The PdS Black Voices Series Presents: SAGIRAH SHAHID
A few good words with Sagirah
BVS: This work is full of ritual gesture and sacred objects surrounding beans. There’s something so beautiful about the way they take and hold space here; the narratives that food builds within our own histories, and those of our ancestors. Tell us a little bit how you came to beans as a tincture/magic/focus.
SS: My whole life I’ve been searching for stories that resonate with the cultural specificity of my upbringing. Being a descendant of the survivors of American slavery and being a third generation Muslim means I grew up without stories (in the mainstream culture) that fully reflected the nuances and flavor of growing up Black and Muslim. And on the few occasions where those stories were visible, they often centered the voices, stories, concerns of men. With this context in mind, I write from a place of hunger. I crave stories that are doused in the flavor of the women who reared me. I’m not a particularly great writer, so the closest I can get to channeling that energy is through the act of ritual and through the honoring of even the smallest details. For me, this includes food as an entry point into culture and relationship building. I’m forever in awe of how our ancestors were able to preserve pockets of culture as form resistance—which even today ( if you are paying attention) you can’t help but notice in the traditions we still carry with us---from food, music to idioms--the reliance of our ancestors manifests in our norms and culture making. Beans in particular became an entry point for me because of the relationship my community has with the bean pie.
My poetry has been exploring bean pie as an entry point to learn more about my community and also unpack the potential subtext of bean pies as a parallel to the particularities of Black Muslims’ historic role in resistance and all of the complexities that arrived with this. From the standpoint of health and wellness, economic empowerment, and collective nostalgia— for me, bean pies in more ways than one, are in conversation with our positioning in the culture.
Bean pies, were the muse that lead me to really start investigating beans and their histories. It’s been a fascinating journey and I have dozens of some readable and some not so readable bean or bean pie related poems because of this.
BVS: I feel like faith is always (or almost always) a part of poetry, even if it’s not as pointed or nameable as it is in “Qasida for the creator of bean pies”—if nothing else, we all are pledged to the temple of words. There is some kind of religion there, perhaps. But this is different, named, clear—Islam undergirds all three poems. How do you feel that faith informs your writing and/or gaze?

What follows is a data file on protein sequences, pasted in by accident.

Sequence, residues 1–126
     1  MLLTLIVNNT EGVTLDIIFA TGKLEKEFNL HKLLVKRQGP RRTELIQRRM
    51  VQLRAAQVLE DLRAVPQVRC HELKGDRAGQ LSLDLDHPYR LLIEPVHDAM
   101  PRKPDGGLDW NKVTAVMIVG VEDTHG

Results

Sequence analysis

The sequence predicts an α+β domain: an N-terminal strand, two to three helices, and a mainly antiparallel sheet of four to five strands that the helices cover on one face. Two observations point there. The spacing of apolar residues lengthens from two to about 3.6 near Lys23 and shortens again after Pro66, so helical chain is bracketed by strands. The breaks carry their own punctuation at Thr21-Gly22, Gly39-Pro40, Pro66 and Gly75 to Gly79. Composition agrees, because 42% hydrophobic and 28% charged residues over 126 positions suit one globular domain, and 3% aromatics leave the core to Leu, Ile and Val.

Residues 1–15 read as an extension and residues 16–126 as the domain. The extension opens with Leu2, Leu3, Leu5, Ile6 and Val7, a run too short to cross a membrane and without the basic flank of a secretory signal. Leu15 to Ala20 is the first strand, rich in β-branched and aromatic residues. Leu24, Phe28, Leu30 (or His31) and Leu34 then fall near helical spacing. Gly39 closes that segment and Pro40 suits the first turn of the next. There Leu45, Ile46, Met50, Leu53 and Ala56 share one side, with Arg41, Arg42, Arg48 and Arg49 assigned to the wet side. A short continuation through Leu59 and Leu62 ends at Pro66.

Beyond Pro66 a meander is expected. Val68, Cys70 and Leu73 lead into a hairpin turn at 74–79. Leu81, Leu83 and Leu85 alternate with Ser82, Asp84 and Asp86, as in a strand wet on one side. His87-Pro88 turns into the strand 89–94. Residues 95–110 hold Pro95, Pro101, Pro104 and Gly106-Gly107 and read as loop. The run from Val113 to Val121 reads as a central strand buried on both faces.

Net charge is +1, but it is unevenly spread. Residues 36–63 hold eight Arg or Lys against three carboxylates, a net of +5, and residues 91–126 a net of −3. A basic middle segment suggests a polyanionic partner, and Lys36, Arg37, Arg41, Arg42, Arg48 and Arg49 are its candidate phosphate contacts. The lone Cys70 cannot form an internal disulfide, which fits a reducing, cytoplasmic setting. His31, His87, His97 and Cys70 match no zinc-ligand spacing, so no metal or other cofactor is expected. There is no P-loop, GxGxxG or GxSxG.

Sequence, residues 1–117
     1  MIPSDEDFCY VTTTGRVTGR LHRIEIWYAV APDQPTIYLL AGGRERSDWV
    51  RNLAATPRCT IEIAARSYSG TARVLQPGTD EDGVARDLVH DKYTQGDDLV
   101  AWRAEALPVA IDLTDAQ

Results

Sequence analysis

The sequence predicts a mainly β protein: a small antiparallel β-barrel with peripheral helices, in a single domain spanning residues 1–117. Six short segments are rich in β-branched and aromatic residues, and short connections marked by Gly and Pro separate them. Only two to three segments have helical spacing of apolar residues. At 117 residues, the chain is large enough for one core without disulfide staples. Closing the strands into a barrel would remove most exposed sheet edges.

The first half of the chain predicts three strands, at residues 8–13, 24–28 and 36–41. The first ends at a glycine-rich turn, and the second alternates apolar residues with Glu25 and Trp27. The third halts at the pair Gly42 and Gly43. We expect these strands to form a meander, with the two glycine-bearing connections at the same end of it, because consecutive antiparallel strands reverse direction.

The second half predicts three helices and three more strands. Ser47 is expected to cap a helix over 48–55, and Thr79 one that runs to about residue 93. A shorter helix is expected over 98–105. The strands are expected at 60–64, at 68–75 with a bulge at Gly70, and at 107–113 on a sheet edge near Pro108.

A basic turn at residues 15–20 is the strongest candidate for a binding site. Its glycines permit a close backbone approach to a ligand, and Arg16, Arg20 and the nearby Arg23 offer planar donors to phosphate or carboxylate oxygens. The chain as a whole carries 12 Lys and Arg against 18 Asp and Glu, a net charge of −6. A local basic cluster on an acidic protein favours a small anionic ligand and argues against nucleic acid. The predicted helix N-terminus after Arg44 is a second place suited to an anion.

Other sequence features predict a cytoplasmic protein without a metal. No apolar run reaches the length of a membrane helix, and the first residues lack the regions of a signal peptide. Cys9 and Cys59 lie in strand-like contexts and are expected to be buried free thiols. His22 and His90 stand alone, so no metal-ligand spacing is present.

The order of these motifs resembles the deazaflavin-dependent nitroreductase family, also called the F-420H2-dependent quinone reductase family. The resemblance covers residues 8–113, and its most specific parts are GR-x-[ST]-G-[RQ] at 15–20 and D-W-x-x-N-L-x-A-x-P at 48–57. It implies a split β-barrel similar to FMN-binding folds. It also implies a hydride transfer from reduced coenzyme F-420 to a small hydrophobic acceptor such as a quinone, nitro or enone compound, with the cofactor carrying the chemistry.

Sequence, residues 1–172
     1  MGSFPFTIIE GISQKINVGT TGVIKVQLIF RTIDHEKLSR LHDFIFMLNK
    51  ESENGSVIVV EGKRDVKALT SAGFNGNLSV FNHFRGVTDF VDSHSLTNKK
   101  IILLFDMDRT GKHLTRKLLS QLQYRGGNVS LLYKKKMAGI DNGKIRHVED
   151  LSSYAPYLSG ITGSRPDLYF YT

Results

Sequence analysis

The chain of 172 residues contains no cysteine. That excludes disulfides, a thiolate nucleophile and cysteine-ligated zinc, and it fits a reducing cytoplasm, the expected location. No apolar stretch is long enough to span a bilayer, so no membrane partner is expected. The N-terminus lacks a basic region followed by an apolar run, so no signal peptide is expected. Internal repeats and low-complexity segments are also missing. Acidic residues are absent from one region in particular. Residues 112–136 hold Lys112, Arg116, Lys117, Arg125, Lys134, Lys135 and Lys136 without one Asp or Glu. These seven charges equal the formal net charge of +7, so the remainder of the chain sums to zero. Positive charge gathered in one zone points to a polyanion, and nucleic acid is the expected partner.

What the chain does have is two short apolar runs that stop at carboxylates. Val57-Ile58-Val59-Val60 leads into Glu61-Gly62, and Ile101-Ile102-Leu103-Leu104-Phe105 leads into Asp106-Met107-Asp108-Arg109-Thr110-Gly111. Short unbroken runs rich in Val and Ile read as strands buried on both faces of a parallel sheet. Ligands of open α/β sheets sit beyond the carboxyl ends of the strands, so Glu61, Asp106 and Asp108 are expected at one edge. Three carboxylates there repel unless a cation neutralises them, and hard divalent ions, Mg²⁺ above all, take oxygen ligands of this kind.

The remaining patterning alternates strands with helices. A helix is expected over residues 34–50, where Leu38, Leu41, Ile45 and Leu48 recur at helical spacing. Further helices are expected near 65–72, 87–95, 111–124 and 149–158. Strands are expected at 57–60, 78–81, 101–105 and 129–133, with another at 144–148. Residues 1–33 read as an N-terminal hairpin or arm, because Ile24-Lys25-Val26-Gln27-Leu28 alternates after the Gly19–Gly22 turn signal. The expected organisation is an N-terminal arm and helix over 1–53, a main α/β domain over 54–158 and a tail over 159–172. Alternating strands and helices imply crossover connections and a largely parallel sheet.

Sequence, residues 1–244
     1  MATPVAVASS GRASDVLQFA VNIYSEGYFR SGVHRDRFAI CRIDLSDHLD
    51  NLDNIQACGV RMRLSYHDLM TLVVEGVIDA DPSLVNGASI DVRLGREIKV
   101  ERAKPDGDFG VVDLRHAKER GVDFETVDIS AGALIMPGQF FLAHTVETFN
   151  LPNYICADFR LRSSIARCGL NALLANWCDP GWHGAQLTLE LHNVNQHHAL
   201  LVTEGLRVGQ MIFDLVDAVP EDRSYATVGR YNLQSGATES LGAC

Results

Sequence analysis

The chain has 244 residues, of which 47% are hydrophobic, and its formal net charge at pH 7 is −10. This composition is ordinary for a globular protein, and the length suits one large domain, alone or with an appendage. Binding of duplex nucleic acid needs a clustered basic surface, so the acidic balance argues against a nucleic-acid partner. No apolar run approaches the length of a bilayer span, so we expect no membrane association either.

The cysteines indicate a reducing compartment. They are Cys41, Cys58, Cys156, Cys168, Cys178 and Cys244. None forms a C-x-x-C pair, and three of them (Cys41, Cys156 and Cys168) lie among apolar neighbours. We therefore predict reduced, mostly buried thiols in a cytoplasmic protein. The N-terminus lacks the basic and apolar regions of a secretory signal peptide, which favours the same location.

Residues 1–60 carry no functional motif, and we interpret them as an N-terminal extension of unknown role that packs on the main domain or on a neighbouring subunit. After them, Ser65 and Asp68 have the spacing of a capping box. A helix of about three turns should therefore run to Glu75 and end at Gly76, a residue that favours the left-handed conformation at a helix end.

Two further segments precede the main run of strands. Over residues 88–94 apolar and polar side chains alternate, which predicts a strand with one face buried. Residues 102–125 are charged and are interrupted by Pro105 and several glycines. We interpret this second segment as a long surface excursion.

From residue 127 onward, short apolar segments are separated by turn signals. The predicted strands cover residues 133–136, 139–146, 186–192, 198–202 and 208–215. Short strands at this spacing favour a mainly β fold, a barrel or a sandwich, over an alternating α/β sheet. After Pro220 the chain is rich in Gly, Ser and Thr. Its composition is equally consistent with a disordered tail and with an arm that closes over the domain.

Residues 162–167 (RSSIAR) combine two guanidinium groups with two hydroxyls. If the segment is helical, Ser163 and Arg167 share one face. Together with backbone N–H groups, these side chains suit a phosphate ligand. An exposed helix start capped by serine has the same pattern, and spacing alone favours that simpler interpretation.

SS: Faith informs my life and as a result informs my writing both consciously and unconsciously. I was raised in a Sufi household and the older I get, the more apparent it becomes to me just how much of my poetry is influenced by this tradition. The tightrope of celebration, reverence, reverie, love, anger, hope---for me all these things circle back to my faith and specially that up bringing. What’s been weird for me is the external mainstream cultural shifts and perceptions with regards to Islam and Blackness. For me, I think my poems have always written from the same essential places, but I wonder what residue these external gazes are leaving on the poems. For me regardless of if the Islam in my poetry is overt to an external reader or not, I try to write from a place of sincerity.
BVS: Sometimes, I lament the internet because information is too easily extracted. Sometimes, I miss the labor that a Google-less world demands. Describe your favorite book without naming the author or the speakers/characters. Let us do the research to find it.
SS: I love this question so much! This novel changed my life. I read it for the first time when I was about 12—and it was the first time I had come across literature where the voices and concerns of Black girls were centered in a serious way. The content of this novel is heavy, and difficult because of the abuse and trauma the characters go through. However, it was refreshing to read, in the sense that as a poor Black girl who did not feel beautiful who was still unpacking the dangers of internalized white supremacy, and as a survivor of assault---reading this novel was the first time I felt seen during some of the darkest years of my youth. I go back to reading this novel often and many of the other works of this author who is the greatest living American novelist. This novel will break your heart but also hold a mirror up to the cruelness of the world and will do it with prose that is so riveting it might as while be subversive poetry.
[Editor's note: My first instinct is to say that this book is The Color Purple, by Alice Walker, as it's a coming of age(s) story that deals with trauma, supremacy, beauty, etc., written by one of the best writers to ever do it, but I recognize that I may see that in this description because it's my favorite book. This got me thinking about how this description could fit so many books written by (and for) black women and what that says about our need to be seen, heard, our need to have the pains and joys of our experience communicated outside of our intimate family partnerships/homes/hearts. Really made me meditate on legacy and how we see ourselves and each other in and through writing. What a blessing!]
Sagirah Shahid is a Black Muslim writer from Minneapolis, MN. Her poems and short stories can be found in Mizna, Paper Darts, AtlanticRock, Blue Minaret, and elsewhere. Find here on FB at @beanpiepoet & Twitter @ SagirahS.